Nicholls, Stephen J / Puri, Rishi / Anderson, Todd / Ballantyne, Christie M / Cho, Leslie / Kastelein, John J P / Koenig, Wolfgang / Somaratne, Ransi / Kassahun, Helina / Yang, Jingyuan / Wasserman, Scott M / Scott, Robert / Ungi, Imre / Podolec, Jakub / Ophuis, Antonius Oude / Cornel, Jan H / Borgman, Marilyn / Brennan, Danielle M / Nissen, Steven E. ·South Australian Health and Medical Research Institute, University of Adelaide, Adelaide, Australia2Department of Cardiovascular Medicine, Cleveland Clinic Coordinating Center for Clinical Research, Cleveland, Ohio. · Department of Cardiovascular Medicine, Cleveland Clinic Coordinating Center for Clinical Research, Cleveland, Ohio. · Libin Cardiovascular Institute, University of Calgary, Calgary, Alberta, Canada. · The Methodist DeBakey Heart and Vascular Center, Section of Cardiovascular Research, Baylor College of Medicine, Houston, Texas. · Academic Medical Center, Department of Vascular Medicine, University of Amsterdam, Amsterdam, the Netherlands. · Deutsches Herzzentrum München, Technische Universität München, Munich, Germany7DZHK (German Centre for Cardiovascular Research), Partner Site Munich Heart Alliance, Munich, Germany8Department of Internal Medicine, University of Ulm Medical Center, Ulm, Germany. · Amgen Inc, Thousand Oaks, California. · Department of Cardiology, University of Szeged, Hungary. · Department of Interventional Cardiology, Cardiology Institute, Jagiellonian University, College of Medicine and the John Paul II Hospital, Krakow, Poland. · Department of Cardiology, Canisius Wilhelmina Hospital, Nijmegen, the Netherlands. · Department of Cardiology, Noordwest Ziekenhuisgroep, Alkmaar, the Netherlands. ·JAMA · Pubmed #27846344.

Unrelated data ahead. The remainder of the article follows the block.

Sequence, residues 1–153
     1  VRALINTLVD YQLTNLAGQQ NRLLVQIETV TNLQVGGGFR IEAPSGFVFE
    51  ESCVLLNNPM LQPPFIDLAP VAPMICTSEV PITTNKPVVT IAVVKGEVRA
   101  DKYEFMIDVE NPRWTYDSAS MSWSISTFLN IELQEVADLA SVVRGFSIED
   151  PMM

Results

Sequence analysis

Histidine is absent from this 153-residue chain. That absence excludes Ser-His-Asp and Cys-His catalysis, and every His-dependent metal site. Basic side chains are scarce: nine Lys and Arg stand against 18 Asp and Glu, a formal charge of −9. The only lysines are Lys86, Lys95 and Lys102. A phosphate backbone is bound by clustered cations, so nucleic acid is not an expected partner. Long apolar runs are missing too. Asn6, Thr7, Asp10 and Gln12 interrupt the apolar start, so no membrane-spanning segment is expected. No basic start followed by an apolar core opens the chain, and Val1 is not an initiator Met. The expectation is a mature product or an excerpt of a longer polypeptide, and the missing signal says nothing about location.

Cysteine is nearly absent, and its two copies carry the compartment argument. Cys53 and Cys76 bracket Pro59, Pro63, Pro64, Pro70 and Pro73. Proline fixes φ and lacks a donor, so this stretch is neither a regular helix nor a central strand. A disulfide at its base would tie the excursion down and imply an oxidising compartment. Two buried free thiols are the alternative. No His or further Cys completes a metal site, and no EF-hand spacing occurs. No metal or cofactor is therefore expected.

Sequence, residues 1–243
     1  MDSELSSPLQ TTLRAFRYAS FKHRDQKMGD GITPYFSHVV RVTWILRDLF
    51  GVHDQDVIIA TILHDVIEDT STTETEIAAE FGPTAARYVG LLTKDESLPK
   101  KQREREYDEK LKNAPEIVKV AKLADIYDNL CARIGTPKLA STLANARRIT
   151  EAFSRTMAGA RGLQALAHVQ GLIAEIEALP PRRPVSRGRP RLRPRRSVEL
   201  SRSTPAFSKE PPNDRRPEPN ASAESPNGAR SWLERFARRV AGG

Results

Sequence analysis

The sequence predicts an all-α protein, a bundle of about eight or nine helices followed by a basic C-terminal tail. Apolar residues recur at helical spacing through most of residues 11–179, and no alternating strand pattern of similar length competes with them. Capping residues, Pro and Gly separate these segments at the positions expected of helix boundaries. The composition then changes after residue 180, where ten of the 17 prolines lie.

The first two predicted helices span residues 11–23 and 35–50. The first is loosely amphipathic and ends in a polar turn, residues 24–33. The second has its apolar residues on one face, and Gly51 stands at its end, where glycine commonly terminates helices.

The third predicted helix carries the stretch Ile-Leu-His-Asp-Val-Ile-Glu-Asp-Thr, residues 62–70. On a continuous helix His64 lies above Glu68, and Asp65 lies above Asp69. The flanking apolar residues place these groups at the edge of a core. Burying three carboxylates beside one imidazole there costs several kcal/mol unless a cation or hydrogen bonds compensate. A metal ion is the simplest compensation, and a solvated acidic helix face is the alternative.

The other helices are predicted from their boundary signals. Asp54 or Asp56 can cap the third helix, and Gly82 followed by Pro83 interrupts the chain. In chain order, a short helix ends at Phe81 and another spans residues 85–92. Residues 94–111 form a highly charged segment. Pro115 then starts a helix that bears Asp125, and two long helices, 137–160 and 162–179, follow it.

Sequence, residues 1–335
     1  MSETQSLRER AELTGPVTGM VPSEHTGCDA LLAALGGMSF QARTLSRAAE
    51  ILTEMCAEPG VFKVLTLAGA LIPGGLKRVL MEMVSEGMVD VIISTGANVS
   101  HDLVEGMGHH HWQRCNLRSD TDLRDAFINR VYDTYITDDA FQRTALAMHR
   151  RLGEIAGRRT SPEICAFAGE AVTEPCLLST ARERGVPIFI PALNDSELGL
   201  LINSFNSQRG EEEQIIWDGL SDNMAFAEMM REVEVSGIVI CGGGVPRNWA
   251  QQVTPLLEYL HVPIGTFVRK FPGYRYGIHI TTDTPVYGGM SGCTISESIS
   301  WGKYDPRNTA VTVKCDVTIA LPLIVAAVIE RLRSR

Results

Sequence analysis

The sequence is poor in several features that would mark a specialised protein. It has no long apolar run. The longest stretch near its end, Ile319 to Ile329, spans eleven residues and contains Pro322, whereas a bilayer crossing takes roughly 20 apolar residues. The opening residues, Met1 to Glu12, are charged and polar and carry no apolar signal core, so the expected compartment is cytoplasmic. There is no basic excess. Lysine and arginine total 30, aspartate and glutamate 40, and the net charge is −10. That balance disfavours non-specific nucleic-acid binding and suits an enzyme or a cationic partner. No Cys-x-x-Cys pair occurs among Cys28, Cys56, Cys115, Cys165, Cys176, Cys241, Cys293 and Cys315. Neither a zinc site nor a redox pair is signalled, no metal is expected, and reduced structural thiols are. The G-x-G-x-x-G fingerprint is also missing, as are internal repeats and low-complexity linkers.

ABSTRACT: Importance: Reducing levels of low-density lipoprotein cholesterol (LDL-C) with intensive statin therapy reduces progression of coronary atherosclerosis in proportion to achieved LDL-C levels. Proprotein convertase subtilisin kexin type 9 (PCSK9) inhibitors produce incremental LDL-C lowering in statin-treated patients; however, the effects of these drugs on coronary atherosclerosis have not been evaluated. Objective: To determine the effects of PCSK9 inhibition with evolocumab on progression of coronary atherosclerosis in statin-treated patients. Design, Setting, and Participants: The GLAGOV multicenter, double-blind, placebo-controlled, randomized clinical trial (enrollment May 3, 2013, to January 12, 2015) conducted at 197 academic and community hospitals in North America, Europe, South America, Asia, Australia, and South Africa and enrolling 968 patients presenting for coronary angiography. Interventions: Participants with angiographic coronary disease were randomized to receive monthly evolocumab (420 mg) (n = 484) or placebo (n = 484) via subcutaneous injection for 76 weeks, in addition to statins. Main Outcomes and Measures: The primary efficacy measure was the nominal change in percent atheroma volume (PAV) from baseline to week 78, measured by serial intravascular ultrasonography (IVUS) imaging. Secondary efficacy measures were nominal change in normalized total atheroma volume (TAV) and percentage of patients demonstrating plaque regression. Safety and tolerability were also evaluated. Results: Among the 968 treated patients (mean age, 59.8 years [SD, 9.2]; 269 [27.8%] women; mean LDL-C level, 92.5 mg/dL [SD, 27.2]), 846 had evaluable imaging at follow-up. Compared with placebo, the evolocumab group achieved lower mean, time-weighted LDL-C levels (93.0 vs 36.6 mg/dL; difference, -56.5 mg/dL [95% CI, -59.7 to -53.4]; P < .001). The primary efficacy parameter, PAV, increased 0.05% with placebo and decreased 0.95% with evolocumab (difference, -1.0% [95% CI, -1.8% to -0.64%]; P < .001). The secondary efficacy parameter, normalized TAV, decreased 0.9 mm3 with placebo and 5.8 mm3 with evolocumab (difference, -4.9 mm3 [95% CI, -7.3 to -2.5]; P < .001). Evolocumab induced plaque regression in a greater percentage of patients than placebo (64.3% vs 47.3%; difference, 17.0% [95% CI, 10.4% to 23.6%]; P < .001 for PAV and 61.5% vs 48.9%; difference, 12.5% [95% CI, 5.9% to 19.2%]; P < .001 for TAV). Conclusions and Relevance: Among patients with angiographic coronary disease treated with statins, addition of evolocumab, compared with placebo, resulted in a greater decrease in PAV after 76 weeks of treatment. Further studies are needed to assess the effects of PCSK9 inhibition on clinical outcomes. Trial Registration: clinicaltrials.gov Identifier: NCT01813422.